stanleybmanly's avatar

Does decommissioned count?

Tropical_Willie's avatar

No @stanleybmanly, Still has radioactive stuff.

ARE_you_kidding_me's avatar

@Caravanfan I have mixed feelings about both nuclear and fossil power. If people want to get serious about controlling emissions then we had better start to be ok with nuclear. I have yet to see a protest at a coal fired plant but nuke plants are protested all the time. Personally I think nuclear is the energy bridge we need before we have enough renewable capacity. That said, I would much rather live 20 miles from a fossil plant than a nuke plant and living just a few miles from a fossil plant is not a consideration.

seawulf575's avatar

I have a nuke plant about 20 miles away. I really don’t worry about it. I used to work there. Anyone really want to know how a nuclear power plant works and what the potential hazards are and how they are mitigated?

SQUEEKY2's avatar

^^^ Sure how do they dispose of the nuclear waste ,that is environmentally safe?
Everything a person hears is that it is extremely harmful for around a thousand years.
So what do they do with it, that isn’t a risk to humans or the environment?

Caravanfan's avatar

@SQUEEKY2 It’s certainly safer than CO2 emissions going to the air from fossil fuel plants. That will kill us all eventually.

SQUEEKY2's avatar

Yeah that stuff has a thousand year shelf life as well.
Still doesn’t answer the question about disposal does it?

ragingloli's avatar

Maybe you could stash it at one of those subduction zones, so eventually it gets sucked into the mantle.

Caravanfan's avatar

@SQUEEKY2 No, of course it doesn’t answer that question. But if we continue on our present course of pumping out CO2 it won’t matter where it is stored because of the sixth extinction event. The problems to nuclear waste disposal are not scientific—they are political.

SQUEEKY2's avatar

But what do they do with it that doesn’t harm humans or the environment??
We can deflect to whatever, you say it’s safe,ok but what do they do with the waste that is safe for all of us?
And I am not saying Co2 isn’t harmful as well, great strides have been made to filter them with automobiles.

flutherother's avatar

There are two nuclear power stations in my vicinity, Torness which is 70 miles to the east and Hunterston which is 27 miles south west. The latter is plagued by cracks in the graphite bricks which have caused one reactor to shut down completely as the operational limit of 350 cracks had been exceeded. The operator has come up with a solution – extend the operational limit to 700 cracks! Both reactors were due to go offline in 2023 but Torness has had its life extended to 2030.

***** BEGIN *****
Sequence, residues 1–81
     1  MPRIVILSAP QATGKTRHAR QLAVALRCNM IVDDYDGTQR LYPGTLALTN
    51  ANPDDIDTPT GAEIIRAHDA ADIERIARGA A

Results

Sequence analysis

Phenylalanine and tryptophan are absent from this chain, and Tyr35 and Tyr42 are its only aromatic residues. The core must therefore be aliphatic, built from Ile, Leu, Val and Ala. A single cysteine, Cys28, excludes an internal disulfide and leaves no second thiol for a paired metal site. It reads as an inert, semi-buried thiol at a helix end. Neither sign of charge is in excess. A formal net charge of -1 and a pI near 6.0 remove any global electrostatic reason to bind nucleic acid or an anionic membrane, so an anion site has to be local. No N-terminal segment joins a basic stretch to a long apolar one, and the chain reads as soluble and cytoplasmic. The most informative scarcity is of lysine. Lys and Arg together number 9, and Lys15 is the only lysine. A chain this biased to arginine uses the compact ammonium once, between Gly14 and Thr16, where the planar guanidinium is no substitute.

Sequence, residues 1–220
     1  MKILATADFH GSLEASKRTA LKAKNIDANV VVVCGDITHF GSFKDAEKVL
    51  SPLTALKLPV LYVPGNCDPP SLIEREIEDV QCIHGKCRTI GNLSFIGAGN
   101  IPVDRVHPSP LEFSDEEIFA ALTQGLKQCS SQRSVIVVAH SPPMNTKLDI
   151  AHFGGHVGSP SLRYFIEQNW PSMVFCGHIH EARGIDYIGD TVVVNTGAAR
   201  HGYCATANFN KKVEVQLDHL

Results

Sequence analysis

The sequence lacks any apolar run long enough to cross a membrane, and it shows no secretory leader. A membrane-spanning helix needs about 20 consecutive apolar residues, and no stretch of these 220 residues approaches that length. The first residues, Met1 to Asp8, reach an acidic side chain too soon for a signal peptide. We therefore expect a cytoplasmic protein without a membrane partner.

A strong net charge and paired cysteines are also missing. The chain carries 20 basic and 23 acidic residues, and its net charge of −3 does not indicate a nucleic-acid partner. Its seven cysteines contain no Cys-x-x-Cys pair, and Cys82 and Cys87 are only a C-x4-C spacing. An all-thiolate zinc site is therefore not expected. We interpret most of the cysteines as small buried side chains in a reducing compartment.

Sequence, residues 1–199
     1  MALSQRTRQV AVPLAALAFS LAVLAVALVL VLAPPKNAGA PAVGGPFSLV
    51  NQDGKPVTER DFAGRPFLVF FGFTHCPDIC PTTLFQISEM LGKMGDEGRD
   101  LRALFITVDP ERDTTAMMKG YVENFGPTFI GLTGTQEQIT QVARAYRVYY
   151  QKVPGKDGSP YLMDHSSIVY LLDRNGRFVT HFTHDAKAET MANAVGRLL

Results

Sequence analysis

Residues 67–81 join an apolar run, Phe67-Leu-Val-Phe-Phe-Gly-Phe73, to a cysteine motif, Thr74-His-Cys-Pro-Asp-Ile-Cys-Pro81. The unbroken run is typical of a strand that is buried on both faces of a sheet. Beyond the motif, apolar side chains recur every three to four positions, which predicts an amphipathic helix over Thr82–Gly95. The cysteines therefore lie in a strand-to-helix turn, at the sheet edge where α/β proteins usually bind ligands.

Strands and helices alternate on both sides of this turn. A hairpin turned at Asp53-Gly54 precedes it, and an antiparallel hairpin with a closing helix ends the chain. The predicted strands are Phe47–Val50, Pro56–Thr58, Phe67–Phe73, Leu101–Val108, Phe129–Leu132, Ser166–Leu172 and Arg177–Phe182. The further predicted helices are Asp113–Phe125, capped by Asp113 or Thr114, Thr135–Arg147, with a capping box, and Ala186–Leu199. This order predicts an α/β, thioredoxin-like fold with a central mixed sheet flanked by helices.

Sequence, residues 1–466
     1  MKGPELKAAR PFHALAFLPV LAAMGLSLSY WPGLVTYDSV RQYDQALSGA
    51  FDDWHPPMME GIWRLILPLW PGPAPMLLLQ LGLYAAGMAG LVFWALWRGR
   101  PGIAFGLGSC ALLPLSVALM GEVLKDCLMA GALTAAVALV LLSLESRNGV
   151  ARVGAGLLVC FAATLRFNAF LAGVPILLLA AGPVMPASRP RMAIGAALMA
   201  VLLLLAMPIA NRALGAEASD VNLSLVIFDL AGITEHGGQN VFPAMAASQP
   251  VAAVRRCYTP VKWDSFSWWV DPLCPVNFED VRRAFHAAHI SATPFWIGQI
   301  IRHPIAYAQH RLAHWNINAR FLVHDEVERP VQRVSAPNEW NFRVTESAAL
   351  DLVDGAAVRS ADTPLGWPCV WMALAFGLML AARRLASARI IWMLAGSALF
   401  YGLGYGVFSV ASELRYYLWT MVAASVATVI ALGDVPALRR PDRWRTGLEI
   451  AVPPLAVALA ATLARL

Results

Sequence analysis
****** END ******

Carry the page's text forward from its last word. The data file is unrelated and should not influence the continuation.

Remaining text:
seawulf575's avatar

@SQUEEKY2 There were disposal sites where all US nuclear power plants sent their waste. There were very stringent rules about what could be sent and how it could be sent. Most of these closed up for receiving high level radioactive waste, i.e. spent fuel. Most US nuclear sites have started creating what they call dry-cask storage. New fuel for a nuclear plant is generally good for three refueling cycles. until it has to be removed because it no longer has enough fissionable material to be of use. That doesn’t mean it isn’t radioactive, it means there isn’t enough U-235 to maintain a fission rate that will allow steady production of power. When that fuel is removed from the core, it is sent to what they call a “fuel pool”. This is a deep tank with holes for the spent fuel bundles to sit in while the heat generated by the spent fuel (decay heat) fades away,. After a few years, it is not producing enough heat to be a huge problem so it is moved to what they call a dry-cask. Effectively, the spent fuel bundle put into a lead lined cask, put into a vault in a storage facility that is basically a concrete pit with storage compartments for bundles and concrete walls that are many feet thick (and is in the ground), and the bundles are allowed to decay for the next thousand years. There is leak detection built into these vaults so that if anything were to leak out of one of the casks or if groundwater were to leak in, actions could be taken to correct the issue.
The term “radioactive waste” is a bit misleading. Every nuclear power plant deals with radioactive waste. But in a nuclear power plant, there is what they call a “radiologically controlled area” or RCA. Anything that goes into the RCA is potentially contaminated, though most of the RCA is clean…not contaminated. But to be safe, anything that goes into the RCA has to be considered contaminated until it is proven to be clean. For trash, many things go into trash cans that are clean. Some plants actually sort the trash, using monitors to determine is something is contaminated or clean. Some plants find that to be very expensive so they just treat everything as contaminated. This waste is generally sent to incineration locations where everything is turned to ash. These incineration sites have to be licensed to receive radioactive material and they have criteria they have to meet before they dispose of any waste.
Did I come close to answering your question?

SQUEEKY2's avatar

Yeah ,thanks I just want to know does incineration burn off the radiation that the waste has and if so super great.